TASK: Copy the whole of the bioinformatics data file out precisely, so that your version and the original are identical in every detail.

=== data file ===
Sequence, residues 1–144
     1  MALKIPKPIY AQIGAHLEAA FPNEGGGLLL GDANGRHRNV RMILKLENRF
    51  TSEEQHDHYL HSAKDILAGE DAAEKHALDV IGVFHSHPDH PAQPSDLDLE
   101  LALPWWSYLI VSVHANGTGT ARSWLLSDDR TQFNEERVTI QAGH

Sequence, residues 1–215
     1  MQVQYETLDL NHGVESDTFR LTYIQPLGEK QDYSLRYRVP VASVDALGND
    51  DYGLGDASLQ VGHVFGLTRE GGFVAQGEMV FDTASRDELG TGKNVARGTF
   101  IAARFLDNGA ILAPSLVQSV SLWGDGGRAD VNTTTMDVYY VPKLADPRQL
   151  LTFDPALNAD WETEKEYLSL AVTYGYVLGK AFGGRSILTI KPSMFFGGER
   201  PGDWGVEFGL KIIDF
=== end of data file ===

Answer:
Sequence, residues 1–144
     1  MALKIPKPIY AQIGAHLEAA FPNEGGGLLL GDANGRHRNV RMILKLENRF
    51  TSEEQHDHYL HSAKDILAGE DAAEKHALDV IGVFHSHPDH PAQPSDLDLE
   101  LALPWWSYLI VSVHANGTGT ARSWLLSDDR TQFNEERVTI QAGH

Sequence, residues 1–215
     1  MQVQYETLDL NHGVESDTFR LTYIQPLGEK QDYSLRYRVP VASVDALGND
    51  DYGLGDASLQ VGHVFGLTRE GGFVAQGEMV FDTASRDELG TGKNVARGTF
   101  IAARFLDNGA ILAPSLVQSV SLWGDGGRAD VNTTTMDVYY VPKLADPRQL
   151  LTFDPALNAD WETEKEYLSL AVTYGYVLGK AFGGRSILTI KPSMFFGGER
   201  PGDWGVEFGL KIIDF